04 Feb 2021

Gather nature and tradition with these memory jars


In the spring of 1961, there was a meeting with my mother and my second-grade teacher, Miss Marion Pierce. Not about grades nor classroom conduct. My mother wanted to know why every afternoon I arrived home with my pockets filled with little pieces of paper. Miss Marion was happy to report that she had noticed playground behavior that involved my policing the yard for bits of rubbish. Mother was concerned that the behavior was OCD. Miss Marion found it charming, admirable and a much better exercise than jungle gym antics.

Onward to middle school, my pockets were soft denim receptacles for unusual rocks, acorns, locust skeletons and seed pods. Thankfully Lady Bird Johnson took over the helm to keep America beautiful, leaving me time to become a naturalist at age eight.

While my friends had jars of marbles and little green plastic soldiers, I had jars of God’s wonderment lining the ledge of my desk. My father, a forester, was always bringing me amazing finds from the woods. Snakeskins, arrowheads, dixie cups planted with unusual botanical specimens. I still have a sarracenia plant that was collected by him in Camden County in 1965.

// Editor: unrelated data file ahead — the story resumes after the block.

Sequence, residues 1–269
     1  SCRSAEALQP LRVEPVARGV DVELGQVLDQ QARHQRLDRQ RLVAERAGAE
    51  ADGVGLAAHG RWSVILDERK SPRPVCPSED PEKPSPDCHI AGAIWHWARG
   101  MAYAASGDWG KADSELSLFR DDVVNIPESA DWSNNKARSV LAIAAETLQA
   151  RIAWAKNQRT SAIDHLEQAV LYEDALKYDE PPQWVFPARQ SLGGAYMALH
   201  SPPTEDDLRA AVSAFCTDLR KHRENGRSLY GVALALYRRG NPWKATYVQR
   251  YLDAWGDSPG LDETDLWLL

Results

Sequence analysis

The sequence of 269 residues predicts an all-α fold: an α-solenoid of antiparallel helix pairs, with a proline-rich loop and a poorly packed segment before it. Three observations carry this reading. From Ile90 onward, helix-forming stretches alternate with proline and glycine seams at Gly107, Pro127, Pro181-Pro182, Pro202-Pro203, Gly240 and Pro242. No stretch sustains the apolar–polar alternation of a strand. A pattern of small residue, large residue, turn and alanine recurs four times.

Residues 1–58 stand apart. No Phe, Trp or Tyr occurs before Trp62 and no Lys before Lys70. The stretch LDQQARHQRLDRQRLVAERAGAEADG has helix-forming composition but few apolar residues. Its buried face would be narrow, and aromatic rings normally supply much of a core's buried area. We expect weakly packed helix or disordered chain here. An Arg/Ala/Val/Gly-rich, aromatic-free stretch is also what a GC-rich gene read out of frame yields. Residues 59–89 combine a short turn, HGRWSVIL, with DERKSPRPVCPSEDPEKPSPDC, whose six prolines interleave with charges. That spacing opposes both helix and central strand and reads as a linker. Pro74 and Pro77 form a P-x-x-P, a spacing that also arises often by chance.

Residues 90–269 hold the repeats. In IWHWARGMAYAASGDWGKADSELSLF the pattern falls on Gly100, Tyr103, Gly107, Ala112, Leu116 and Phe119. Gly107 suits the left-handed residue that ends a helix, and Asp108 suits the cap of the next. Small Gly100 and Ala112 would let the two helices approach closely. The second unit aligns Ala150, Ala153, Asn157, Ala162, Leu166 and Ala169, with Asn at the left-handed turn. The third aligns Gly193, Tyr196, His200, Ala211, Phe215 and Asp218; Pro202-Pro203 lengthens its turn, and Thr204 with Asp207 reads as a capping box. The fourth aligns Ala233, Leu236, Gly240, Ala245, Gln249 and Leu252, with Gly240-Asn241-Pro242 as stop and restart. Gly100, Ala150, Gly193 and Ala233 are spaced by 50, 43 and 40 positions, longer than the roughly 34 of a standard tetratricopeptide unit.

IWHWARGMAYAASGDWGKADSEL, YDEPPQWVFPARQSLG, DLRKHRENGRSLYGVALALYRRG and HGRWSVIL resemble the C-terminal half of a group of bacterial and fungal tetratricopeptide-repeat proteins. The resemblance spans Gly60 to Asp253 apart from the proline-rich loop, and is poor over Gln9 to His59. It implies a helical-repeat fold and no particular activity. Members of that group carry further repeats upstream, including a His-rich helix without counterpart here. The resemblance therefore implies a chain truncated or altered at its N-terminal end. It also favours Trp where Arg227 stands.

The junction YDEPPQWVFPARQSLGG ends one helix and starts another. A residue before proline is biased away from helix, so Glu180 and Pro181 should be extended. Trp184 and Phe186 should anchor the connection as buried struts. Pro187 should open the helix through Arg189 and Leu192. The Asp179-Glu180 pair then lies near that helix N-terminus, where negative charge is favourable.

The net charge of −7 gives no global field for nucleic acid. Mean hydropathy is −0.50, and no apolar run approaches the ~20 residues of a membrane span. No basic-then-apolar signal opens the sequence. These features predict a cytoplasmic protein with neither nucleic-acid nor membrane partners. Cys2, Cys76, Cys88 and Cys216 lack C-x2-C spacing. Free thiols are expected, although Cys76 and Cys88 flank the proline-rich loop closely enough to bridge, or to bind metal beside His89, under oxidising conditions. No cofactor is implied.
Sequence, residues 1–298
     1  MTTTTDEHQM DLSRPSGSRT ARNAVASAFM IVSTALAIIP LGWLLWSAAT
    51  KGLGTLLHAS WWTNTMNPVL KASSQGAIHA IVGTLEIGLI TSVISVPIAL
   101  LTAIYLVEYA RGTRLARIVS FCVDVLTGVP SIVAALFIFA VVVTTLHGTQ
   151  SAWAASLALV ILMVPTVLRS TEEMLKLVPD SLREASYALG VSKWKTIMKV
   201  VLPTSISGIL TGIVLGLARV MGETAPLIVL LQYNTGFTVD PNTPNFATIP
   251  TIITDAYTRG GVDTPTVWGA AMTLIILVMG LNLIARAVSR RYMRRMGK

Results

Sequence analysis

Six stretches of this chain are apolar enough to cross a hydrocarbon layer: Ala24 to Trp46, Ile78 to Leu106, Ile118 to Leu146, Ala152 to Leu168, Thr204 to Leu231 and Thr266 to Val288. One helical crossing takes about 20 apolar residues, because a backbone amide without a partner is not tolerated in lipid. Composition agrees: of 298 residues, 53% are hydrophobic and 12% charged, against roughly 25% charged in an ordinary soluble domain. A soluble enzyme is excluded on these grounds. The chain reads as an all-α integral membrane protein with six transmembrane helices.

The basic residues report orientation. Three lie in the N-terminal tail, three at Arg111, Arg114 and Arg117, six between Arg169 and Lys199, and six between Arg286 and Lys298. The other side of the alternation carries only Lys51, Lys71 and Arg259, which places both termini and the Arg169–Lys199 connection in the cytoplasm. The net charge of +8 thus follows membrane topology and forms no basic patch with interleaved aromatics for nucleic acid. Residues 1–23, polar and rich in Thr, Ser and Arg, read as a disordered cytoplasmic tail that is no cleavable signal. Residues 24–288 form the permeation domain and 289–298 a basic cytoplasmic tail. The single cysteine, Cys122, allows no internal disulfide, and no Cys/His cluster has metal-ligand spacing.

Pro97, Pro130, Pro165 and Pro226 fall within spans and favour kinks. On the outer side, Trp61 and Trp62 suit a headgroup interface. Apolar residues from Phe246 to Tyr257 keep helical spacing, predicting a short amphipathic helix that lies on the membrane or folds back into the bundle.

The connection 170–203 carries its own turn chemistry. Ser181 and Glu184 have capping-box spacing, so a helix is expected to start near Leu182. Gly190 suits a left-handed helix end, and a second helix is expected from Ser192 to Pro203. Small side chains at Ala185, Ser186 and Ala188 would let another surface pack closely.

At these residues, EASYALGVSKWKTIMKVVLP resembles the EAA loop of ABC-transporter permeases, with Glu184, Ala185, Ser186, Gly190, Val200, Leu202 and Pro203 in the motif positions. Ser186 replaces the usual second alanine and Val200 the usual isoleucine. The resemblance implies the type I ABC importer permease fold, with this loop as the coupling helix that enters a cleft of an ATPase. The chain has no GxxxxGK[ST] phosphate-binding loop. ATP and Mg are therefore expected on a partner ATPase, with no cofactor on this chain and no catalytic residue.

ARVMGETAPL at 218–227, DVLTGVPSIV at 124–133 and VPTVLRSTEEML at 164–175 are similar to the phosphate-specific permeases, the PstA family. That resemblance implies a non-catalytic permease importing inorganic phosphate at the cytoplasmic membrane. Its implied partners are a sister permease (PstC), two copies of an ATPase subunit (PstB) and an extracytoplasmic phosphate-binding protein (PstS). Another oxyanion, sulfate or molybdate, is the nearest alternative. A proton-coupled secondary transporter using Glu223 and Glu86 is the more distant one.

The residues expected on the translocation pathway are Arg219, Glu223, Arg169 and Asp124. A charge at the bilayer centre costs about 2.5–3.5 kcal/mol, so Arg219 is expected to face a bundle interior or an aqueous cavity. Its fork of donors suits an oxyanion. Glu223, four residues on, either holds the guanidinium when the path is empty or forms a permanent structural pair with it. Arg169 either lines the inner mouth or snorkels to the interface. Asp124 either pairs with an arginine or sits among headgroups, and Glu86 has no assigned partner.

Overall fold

My mother coined the name Kirk’s Discovery Jars. And the name stuck.

As my nieces and nephew grew older, they were indoctrinated into their uncle’s natural world of discovery.

On Thanksgiving afternoons for decades, after a bountiful lunch, my entire family hiked at our farm west of Savannah, tracing the fields and pastures. Gathered from the hedgerows were abandoned nests, pods, dried berries, mossy twigs and feathers. Along creek beds were collected chunks of mica, arrowheads and smooth stones. All returned home to ironstone bowls and jars for us to remember the day throughout the season. The most prized specimens sometimes found a place on a bough of the giant cedar Christmas tree. 

On your next walk, look down for little jewels of nature. Pocket them and take them home to a special place of honor. I love collecting antique blown glass apothecary jars and old blue Mason jars for that purpose. Artfully layer specimens, paying attention to texture, color and pattern. Use a chopstick to move and adjust elements, being careful not to pack too tightly. Each specimen deserves to shine and complement its neighbor.

Make the memories of your walks part of a personal plateau tradition.

Remember that traditions are really just memories so special that after time they are woven into the fabric of family remembrance. And memories are best when shared.

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